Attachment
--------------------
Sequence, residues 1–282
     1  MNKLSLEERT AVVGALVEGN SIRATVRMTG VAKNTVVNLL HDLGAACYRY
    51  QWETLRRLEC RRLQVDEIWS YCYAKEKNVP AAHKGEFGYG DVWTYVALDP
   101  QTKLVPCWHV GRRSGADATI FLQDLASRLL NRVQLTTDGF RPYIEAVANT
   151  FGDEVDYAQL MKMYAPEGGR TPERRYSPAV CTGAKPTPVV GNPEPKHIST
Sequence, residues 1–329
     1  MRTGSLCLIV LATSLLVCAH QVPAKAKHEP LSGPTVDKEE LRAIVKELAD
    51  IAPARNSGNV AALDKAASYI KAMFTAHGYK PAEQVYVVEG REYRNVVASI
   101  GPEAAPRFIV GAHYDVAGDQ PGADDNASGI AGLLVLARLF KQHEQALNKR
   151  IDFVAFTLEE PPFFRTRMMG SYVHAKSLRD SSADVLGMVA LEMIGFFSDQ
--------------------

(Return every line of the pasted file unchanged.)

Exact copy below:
Sequence, residues 1–282
     1  MNKLSLEERT AVVGALVEGN SIRATVRMTG VAKNTVVNLL HDLGAACYRY
    51  QWETLRRLEC RRLQVDEIWS YCYAKEKNVP AAHKGEFGYG DVWTYVALDP
   101  QTKLVPCWHV GRRSGADATI FLQDLASRLL NRVQLTTDGF RPYIEAVANT
   151  FGDEVDYAQL MKMYAPEGGR TPERRYSPAV CTGAKPTPVV GNPEPKHIST
Sequence, residues 1–329
     1  MRTGSLCLIV LATSLLVCAH QVPAKAKHEP LSGPTVDKEE LRAIVKELAD
    51  IAPARNSGNV AALDKAASYI KAMFTAHGYK PAEQVYVVEG REYRNVVASI
   101  GPEAAPRFIV GAHYDVAGDQ PGADDNASGI AGLLVLARLF KQHEQALNKR
   151  IDFVAFTLEE PPFFRTRMMG SYVHAKSLRD SSADVLGMVA LEMIGFFSDQ